"No matter where I am, your teachings fill me with songs." - Psalm 119:54 (CEV)
Monday, October 27, 2014
Well, I did it.
After four years of writing, I finally did it.
I gave my first concert.
And, really, "I" did it just isn't the right description.
God pretty much dropped this opportunity in my lap,
And it would never have come together without the help and encouragement of countless friends and family members.
Honestly, I am blown away.
By so many things.
I thought I'd take a moment to share some of the strange, random thoughts that have occurred to me in the past sixty hours.
"I just sang sixteen songs."
I think the only time I've ever sung that much is when we used to do worship nights in college.
I've never known how to sing and play fifteen of my own songs at any one time.
Since I've never had the opportunity to practice much, I forget the accompaniments shortly after I record them. (Fortunately, I have the recordings to refer back to so I can remember them again.)
"How, exactly, did I get through sixteen songs?"
I don't know if I've ever once performed a single one of my songs and been able to look back and know how I got through it.
I've never completely, totally forgotten a lyric (though I've come close).
I've never gotten completely, totally stuck (though I do in practice all the time).
I've never had a clear memory of how I managed to get through every step between the first verse and the last line.
I think it must just be God sustaining me, because I can't figure out any other way to fill in the holes.
"These people actually came to hear me."
It's so crazy to me that other people would want to hear the words that I write.
I feel like I write to get things out of my brain and off my chest.
There's something in the artist that requires making art - as though, if I don't write, keeping it all in will kill me.
So, really, I write mostly for myself.
I write very personal songs about what's going on in my life at any given moment.
That anyone would want to come hear my messy words - my messy life - just blows me away.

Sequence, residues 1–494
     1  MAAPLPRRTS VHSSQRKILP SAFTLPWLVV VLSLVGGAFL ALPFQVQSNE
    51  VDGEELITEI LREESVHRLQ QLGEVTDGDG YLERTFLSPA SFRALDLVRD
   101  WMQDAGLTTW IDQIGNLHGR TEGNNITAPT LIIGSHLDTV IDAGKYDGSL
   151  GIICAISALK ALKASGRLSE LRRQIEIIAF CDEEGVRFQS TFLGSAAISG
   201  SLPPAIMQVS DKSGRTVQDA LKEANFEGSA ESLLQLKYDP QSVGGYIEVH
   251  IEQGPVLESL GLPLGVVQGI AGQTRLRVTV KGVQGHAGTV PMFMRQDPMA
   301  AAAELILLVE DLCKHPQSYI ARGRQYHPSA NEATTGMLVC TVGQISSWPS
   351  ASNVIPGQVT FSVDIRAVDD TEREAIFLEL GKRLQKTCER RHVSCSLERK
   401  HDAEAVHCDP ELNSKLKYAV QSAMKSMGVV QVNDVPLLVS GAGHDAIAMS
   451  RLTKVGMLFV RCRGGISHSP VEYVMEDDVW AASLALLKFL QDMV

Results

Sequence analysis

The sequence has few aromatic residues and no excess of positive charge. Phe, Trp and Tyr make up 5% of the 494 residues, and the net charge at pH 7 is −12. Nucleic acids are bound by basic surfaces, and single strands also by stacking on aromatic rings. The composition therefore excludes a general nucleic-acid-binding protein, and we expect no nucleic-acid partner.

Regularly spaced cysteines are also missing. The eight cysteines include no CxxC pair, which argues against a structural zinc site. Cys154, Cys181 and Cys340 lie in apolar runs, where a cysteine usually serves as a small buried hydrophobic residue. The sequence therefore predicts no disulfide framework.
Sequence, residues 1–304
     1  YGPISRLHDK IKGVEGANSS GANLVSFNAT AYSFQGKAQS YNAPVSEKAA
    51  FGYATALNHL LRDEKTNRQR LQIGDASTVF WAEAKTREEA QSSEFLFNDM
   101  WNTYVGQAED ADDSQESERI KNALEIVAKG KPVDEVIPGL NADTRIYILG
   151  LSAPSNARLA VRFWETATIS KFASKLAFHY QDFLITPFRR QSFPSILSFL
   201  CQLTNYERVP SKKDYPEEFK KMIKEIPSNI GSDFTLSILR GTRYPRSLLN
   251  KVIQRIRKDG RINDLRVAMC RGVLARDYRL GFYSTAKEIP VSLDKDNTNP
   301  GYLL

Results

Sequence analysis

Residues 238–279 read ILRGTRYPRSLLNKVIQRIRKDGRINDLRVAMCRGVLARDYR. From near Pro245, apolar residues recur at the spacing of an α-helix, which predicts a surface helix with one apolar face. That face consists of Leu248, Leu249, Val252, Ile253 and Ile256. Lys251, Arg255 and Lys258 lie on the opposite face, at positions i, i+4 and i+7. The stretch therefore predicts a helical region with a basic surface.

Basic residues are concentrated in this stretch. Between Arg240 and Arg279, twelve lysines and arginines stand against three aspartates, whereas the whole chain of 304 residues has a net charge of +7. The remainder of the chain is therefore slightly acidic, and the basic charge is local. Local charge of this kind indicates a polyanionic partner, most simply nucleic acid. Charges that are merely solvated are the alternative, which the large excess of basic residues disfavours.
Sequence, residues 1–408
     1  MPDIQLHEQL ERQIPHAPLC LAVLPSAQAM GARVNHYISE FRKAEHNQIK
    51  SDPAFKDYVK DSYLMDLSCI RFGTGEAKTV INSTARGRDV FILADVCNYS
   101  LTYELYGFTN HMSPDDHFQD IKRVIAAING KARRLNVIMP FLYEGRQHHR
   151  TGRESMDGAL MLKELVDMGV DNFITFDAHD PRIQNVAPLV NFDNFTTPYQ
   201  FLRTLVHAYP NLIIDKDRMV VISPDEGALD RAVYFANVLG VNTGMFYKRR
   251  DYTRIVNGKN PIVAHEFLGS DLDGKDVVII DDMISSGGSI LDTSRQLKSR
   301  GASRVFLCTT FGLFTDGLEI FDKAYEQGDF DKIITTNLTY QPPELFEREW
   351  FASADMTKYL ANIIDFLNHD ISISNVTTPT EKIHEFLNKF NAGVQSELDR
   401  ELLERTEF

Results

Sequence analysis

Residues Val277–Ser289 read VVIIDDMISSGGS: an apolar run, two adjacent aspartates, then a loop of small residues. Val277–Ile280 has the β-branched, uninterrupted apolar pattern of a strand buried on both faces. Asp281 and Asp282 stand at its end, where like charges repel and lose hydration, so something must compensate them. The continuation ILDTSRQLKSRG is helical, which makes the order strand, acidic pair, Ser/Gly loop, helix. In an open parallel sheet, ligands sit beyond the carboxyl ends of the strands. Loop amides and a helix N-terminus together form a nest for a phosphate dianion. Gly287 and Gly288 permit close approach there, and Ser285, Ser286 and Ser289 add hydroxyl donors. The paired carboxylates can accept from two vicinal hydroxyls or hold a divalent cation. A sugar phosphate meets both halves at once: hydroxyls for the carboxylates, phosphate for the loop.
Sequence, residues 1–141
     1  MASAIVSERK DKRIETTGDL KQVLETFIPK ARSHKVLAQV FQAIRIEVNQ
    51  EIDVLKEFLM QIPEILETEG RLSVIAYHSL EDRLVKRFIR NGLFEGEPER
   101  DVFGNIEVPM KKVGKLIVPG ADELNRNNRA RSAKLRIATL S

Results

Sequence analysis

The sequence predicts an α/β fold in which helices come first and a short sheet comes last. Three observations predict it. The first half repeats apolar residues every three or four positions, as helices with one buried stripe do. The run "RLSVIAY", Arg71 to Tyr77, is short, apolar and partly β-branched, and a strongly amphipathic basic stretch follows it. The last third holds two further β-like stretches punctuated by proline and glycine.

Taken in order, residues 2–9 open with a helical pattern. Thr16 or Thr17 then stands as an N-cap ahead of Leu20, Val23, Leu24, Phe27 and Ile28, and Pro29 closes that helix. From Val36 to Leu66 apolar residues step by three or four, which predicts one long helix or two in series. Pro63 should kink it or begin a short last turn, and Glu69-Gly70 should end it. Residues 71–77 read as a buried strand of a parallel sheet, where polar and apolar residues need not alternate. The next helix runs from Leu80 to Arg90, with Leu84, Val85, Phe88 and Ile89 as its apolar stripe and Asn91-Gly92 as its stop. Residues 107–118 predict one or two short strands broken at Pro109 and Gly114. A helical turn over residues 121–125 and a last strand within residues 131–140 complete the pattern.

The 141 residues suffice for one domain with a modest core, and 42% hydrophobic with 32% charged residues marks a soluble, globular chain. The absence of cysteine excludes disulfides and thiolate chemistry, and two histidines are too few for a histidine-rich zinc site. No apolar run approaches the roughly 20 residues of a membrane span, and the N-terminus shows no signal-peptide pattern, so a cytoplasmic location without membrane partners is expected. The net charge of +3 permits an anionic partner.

(Then again, I love listening to other artists' music. Double-standard, much?)
That my friends would give up their night - absolutely prioritizing my concert over anything else they had going on - is so humbling.
That strangers I've never even met would take a friend at his or her word and come to hear some unknown songwriter perform is so humbling.
I feel like I'm not enough.
I guess, then, that what God does through me amazes me all the more.
"These people were blessed by my performance."
A super-encouraging friend keeps telling me that my music is a blessing. Sometimes, though, that's hard to believe. How could my words actually bless someone else?
I got to spend a lot of time at the concert talking to people. While I wasn't very good at engaging those who weren't really engaging me (which is really because I'm shy and small talk is not my favorite thing to do), those who really wanted to talk to and engage me just blew. Me. Away.
I heard so many times that a particular song blessed someone, or that a particular thing I said blessed someone. I heard about at least two people who cried.
Then people were telling me my lyrics were deep and meaningful - not just the same old lines repeated over and over again. They said my stories were articulate (when I'd been more concerned that I was rambling and not explaining clearly), and that they appreciated my honesty.
It's hard to be in front of a group of people and let them see a little bit of how screwed-up you are. There can be a lot of fear that someone will think you're not good enough - especially in Christian circles, that you're not a good enough Christian - because you admit that you aren't perfect. But the truth is, we're all struggling. And, hard as it can be for a perfectionist to admit she's not perfect, it's absolutely the truth.
That God would use my words to bless another? It just astounds me.
"This is the Body of Christ."
The day after I got back from Escape to the Lake, I went to church early for prayer. We read that day's passage, which was about the Body of Christ, the church. As we prayed, I started crying, because I felt like I wasn't fulfilling the role I was supposed to as part of the Body.
Saturday night, someone else brought up the Body. The way everyone supported me, and the things I heard of what my music had meant to others - I just felt whole. That role I wasn't fulfilling? I was fulfilling it now. And it felt like the perfect timing.
"I wasn't really nervous."
I usually have terrible stage fright. But, Saturday, I didn't. At all.
I was a little more attentive than normal because I was worried about screwing up, but nothing I'd call nerves.
I was just comfortable and so happy, blessed, and overwhelmed to have the opportunity to share.
It was fun.
"I want to do it all again."
This morning, I was asked if I was glad it was over.
I spent over two months writing accompaniments, practicing at every possible opportunity, meeting with people, gathering objects . . .
I spent the weekend staying up late and getting up early because there was so much I needed to get done.
And all the time, all the absolute exhaustion, everything - it was all worth it.
I can't think of anything I'd rather be doing.
So, I answered, "No. I want to do it all again."